A new report from the Green Finance Institute (GFI) is calling for urgent action to electrify half a million heavy goods vehicles (HGVs) in the UK in order to meet net zero targets for transport.
Its report, Delivering net zero: unlocking public and private capital for zero emission trucks, focuses on unlocking the barriers to financing decarbonisation of the HGV sector and highlights perceived technology risks, higher costs and a lack of charging infrastructure as some of the barriers to decarbonising trucks.
It outlines 10 financial mechanisms that will support the decarbonisation of the freight sector and help the UK meet its net zero targets.
The UK’s HGV fleet accounts for just one per cent of all vehicles on the road but almost 20 per cent of total transport.
By installing infrastructure across the UK, including charge points in depots and across the road network, the country’s entire HGV fleet could be decarbonised, the report says.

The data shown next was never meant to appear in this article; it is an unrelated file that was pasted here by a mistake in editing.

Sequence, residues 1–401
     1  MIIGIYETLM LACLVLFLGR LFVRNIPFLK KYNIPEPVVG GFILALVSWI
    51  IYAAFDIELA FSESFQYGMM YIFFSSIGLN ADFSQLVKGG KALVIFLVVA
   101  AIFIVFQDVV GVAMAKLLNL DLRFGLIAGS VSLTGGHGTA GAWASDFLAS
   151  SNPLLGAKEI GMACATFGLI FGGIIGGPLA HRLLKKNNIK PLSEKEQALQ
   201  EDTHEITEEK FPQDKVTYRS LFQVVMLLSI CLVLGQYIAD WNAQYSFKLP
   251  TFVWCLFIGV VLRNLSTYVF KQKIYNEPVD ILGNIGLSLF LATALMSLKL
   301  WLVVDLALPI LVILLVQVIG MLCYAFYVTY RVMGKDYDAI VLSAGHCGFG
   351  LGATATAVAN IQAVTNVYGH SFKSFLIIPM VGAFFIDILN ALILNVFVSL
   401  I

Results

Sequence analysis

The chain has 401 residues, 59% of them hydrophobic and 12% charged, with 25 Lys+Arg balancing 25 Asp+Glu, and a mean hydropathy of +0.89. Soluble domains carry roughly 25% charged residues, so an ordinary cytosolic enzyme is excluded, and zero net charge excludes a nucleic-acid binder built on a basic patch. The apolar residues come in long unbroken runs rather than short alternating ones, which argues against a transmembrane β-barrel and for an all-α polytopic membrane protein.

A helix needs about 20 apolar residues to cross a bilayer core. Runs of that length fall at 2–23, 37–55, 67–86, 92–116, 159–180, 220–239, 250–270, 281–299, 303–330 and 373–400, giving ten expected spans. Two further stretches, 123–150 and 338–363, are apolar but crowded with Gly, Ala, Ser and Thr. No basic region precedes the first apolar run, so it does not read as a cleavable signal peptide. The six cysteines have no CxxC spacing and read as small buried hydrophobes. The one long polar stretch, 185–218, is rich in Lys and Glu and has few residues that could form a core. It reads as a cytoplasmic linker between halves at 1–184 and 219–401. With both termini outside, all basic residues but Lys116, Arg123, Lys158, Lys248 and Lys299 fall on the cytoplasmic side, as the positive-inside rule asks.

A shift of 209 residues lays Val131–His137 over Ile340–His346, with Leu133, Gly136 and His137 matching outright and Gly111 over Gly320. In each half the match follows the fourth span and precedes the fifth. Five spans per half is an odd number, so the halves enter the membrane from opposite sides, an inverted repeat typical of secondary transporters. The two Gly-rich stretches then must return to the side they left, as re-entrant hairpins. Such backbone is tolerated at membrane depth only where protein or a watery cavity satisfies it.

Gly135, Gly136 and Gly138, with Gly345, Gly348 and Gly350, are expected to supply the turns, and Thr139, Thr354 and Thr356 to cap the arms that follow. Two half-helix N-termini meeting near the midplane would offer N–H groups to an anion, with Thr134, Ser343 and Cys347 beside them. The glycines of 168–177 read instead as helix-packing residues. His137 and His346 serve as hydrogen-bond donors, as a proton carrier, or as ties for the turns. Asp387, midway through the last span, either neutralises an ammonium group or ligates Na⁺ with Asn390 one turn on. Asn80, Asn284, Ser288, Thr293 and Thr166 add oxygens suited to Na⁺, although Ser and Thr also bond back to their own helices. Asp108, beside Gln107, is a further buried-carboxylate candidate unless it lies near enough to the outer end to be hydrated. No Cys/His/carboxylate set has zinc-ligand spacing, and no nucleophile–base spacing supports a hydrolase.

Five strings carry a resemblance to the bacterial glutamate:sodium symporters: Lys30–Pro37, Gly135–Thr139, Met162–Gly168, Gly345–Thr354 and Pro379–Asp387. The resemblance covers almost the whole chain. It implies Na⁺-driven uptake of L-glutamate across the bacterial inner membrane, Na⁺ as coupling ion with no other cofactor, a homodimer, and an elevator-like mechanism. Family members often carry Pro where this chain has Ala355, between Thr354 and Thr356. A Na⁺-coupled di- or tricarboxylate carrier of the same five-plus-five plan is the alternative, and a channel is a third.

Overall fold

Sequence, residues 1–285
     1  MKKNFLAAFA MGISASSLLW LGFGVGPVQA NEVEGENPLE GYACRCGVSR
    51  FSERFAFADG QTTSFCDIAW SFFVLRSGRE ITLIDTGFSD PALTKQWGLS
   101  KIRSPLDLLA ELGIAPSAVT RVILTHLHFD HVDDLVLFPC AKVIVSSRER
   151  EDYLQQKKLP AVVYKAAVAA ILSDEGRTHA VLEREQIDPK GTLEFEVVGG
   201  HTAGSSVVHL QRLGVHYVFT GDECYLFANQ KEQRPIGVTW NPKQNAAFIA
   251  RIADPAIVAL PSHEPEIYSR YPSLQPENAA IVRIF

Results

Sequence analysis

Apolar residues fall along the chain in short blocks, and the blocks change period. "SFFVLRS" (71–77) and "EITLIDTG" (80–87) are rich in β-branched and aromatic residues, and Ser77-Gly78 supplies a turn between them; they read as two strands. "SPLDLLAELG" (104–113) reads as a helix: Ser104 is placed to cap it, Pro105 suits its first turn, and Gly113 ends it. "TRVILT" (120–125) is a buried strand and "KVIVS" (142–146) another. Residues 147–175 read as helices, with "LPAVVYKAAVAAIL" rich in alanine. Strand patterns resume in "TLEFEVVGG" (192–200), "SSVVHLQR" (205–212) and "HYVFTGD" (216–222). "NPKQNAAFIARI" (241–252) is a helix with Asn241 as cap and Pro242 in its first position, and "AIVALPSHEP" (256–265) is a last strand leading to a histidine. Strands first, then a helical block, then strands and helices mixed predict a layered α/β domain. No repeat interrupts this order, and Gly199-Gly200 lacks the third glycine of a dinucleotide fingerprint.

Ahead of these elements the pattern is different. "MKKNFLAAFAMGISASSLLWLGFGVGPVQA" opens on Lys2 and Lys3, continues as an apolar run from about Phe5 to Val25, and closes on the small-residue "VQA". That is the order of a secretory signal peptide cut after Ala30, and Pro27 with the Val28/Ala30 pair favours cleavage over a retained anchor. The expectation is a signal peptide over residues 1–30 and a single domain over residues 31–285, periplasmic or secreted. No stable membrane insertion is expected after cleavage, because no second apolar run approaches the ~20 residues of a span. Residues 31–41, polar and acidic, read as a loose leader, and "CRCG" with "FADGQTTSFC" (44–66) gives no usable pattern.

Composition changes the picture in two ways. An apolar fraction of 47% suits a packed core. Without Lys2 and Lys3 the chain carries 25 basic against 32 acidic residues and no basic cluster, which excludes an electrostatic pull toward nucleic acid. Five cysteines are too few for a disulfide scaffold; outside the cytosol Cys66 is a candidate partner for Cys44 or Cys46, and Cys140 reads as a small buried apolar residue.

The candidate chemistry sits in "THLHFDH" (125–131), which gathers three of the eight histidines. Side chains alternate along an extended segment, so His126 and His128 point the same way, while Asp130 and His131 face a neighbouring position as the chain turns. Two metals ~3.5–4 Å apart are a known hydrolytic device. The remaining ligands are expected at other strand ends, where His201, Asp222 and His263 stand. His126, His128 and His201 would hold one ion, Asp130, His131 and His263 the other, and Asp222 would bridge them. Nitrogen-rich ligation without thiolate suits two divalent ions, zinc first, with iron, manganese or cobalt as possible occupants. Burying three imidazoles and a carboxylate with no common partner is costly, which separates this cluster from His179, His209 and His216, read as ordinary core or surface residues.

Lauren Pamma, programme director at the Green Finance Institute, said:
There is a £100bn investment opportunity that we can unlock through innovative finance products, providing a massive opportunity to decarbonise the HGV sector before the government’s target of phasing out diesel trucks by 2040.
Our report sets out some of the financing mechanisms that will help us roll out electric charging points and get more electric lorries on our roads to decarbonise the HGV sector.
These include utilisation of linked finance and shared charging infrastructure agreements that will particularly help SMEs, which own half the UK’s HGV fleet but struggle to secure green financing and need additional support.
Chris Ashley, head of policy for environment and vehicles at the Road Haulage Association (RHA), welcomed the report.
With its clear illustration of the complexity and costs involved, ensuring the switch away from diesel is seamless while supporting our vital small businesses – the lifeblood of logistics – will be essential,
The GFI has provided a framework that allows industry to navigate and debate the investment conditions needed to deliver a sustainable net zero.